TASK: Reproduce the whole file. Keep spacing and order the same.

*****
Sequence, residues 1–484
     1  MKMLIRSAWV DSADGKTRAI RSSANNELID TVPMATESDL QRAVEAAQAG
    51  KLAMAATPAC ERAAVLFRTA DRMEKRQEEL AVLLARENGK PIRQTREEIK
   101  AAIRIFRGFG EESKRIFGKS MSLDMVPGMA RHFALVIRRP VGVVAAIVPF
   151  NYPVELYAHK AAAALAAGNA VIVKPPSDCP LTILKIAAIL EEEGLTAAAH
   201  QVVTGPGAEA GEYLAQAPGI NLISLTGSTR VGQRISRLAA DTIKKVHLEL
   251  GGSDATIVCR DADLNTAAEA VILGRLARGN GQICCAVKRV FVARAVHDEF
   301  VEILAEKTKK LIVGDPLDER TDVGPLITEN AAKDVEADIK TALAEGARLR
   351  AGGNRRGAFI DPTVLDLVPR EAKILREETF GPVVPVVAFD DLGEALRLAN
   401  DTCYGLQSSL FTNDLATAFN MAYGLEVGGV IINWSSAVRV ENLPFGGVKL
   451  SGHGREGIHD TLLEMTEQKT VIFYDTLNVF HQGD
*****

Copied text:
Sequence, residues 1–484
     1  MKMLIRSAWV DSADGKTRAI RSSANNELID TVPMATESDL QRAVEAAQAG
    51  KLAMAATPAC ERAAVLFRTA DRMEKRQEEL AVLLARENGK PIRQTREEIK
   101  AAIRIFRGFG EESKRIFGKS MSLDMVPGMA RHFALVIRRP VGVVAAIVPF
   151  NYPVELYAHK AAAALAAGNA VIVKPPSDCP LTILKIAAIL EEEGLTAAAH
   201  QVVTGPGAEA GEYLAQAPGI NLISLTGSTR VGQRISRLAA DTIKKVHLEL
   251  GGSDATIVCR DADLNTAAEA VILGRLARGN GQICCAVKRV FVARAVHDEF
   301  VEILAEKTKK LIVGDPLDER TDVGPLITEN AAKDVEADIK TALAEGARLR
   351  AGGNRRGAFI DPTVLDLVPR EAKILREETF GPVVPVVAFD DLGEALRLAN
   401  DTCYGLQSSL FTNDLATAFN MAYGLEVGGV IINWSSAVRV ENLPFGGVKL
   451  SGHGREGIHD TLLEMTEQKT VIFYDTLNVF HQGD